This is the moment to start spending more time online. You try to learn everything you can about the domain. You want to be able to inform both developers and sales people about this new technology. You need to be able to answer their most basic queries and give them all they need for a kick-start. Typical questions to answer in this step are:
- What is the current status of this innovation?
- What are the current ‘unknowns’ for this innovation?
- How are others applying this innovation?
- What problems can this innovation solve?
After digging into these questions, you’ll be able to tell whether this is an interesting domain to focus on. At most agencies, client work limits the available time for innovation projects. That’s why you need to be sure it makes sense to ‘own’ a domain before you gather a team and get your hands dirty.
Step 3: Apply the technology
By now, you’ll feel like you’re on to something. To see if your assumptions will hold, the best thing to do is to start building things. This is how you’ll gain a grasp of how you can apply an innovation in your work.
Start simple. Your goal is to get something working as quickly as possible. Fundamentals like a tutorial or a ‘Hello World’ work wonders for this. Once you’ve covered the basics, focus on small experiments. These should be closer to the projects you'd eventually like to do for your clients. They could be a proof of concept or a joint exercise with a client.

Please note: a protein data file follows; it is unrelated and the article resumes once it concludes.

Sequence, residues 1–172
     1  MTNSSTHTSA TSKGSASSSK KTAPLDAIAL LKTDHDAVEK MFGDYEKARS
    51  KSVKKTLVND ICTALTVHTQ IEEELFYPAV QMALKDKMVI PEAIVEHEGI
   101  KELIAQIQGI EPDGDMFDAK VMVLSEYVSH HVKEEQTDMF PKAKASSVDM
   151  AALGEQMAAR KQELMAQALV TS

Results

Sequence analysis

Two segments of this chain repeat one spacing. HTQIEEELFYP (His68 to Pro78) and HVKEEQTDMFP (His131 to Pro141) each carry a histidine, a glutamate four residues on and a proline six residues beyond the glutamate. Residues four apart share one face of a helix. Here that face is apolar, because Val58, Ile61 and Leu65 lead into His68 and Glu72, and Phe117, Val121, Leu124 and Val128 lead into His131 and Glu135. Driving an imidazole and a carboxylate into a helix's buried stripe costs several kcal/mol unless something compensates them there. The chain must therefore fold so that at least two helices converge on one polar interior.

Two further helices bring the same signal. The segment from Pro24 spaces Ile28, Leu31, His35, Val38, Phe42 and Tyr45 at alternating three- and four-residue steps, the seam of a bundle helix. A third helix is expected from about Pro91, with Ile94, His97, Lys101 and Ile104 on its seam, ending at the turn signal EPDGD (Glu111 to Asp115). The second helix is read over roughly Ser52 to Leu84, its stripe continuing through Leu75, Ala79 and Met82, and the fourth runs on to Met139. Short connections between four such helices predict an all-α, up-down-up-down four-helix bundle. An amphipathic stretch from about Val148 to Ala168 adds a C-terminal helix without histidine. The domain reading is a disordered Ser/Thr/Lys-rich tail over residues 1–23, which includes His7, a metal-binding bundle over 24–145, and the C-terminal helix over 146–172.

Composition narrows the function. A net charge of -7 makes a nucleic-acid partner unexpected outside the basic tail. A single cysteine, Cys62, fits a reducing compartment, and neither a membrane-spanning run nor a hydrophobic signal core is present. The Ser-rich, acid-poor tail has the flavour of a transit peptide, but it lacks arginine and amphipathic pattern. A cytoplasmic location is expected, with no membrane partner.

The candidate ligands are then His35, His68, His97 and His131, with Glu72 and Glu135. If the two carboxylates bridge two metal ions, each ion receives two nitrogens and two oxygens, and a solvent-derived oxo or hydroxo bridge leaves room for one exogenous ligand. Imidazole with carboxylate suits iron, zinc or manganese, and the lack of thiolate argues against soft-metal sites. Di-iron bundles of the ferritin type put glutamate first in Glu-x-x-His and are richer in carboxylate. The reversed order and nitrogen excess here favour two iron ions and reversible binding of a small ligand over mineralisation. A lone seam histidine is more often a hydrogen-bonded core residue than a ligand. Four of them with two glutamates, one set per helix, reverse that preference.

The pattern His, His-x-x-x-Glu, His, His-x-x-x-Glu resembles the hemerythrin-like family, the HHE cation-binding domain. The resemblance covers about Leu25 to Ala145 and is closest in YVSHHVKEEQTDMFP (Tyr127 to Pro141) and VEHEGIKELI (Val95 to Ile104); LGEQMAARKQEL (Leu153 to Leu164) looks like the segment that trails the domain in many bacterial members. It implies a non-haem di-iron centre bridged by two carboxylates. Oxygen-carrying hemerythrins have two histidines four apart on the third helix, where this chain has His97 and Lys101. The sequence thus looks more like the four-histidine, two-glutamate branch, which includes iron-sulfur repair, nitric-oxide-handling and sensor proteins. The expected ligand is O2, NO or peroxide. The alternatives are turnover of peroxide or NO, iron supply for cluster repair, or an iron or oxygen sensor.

Creating prototypes will kick-start your learning curve. Don’t worry if things go wrong. It’s best to encounter pitfalls as soon as possible. After all, you are still getting up to speed and learning how you can best apply the new technology.
Step 4: Internalize the experience
By now, you'll feel pretty confident. You’ve spent a considerable amount of time thinking (and talking) about a new domain. Thanks to your experiments, some people in your office now have experience with the new technology. They climbed a learning curve and returned with valuable information.
In the final phase, you’ll internalize the knowledge you’ve gained. Learning from experience will allow you to optimize your efforts around the new domain. With each iteration to your prototypes, it becomes easier to see how your company could best apply this new technology. In fact, you might even learn it’s better to ditch this new technology altogether.
Now that this innovation has found its way into your day-to-day work, you will continue to find new and exciting applications of what you have learned. While this technology might still be a mystery for others, you will easily cut through the hype and get to work.
What’s your way of growing new skills?
In this post, I explained how we take a systematic approach to exploring new domains. Now that I’ve shared how we tackle the future at aFrogleap, I wonder if you'd like to share what you see happening in the mid-long term. Feel free to send me a message on LinkedIn. I’m always open to meet up with new people.
Want to learn more about the future?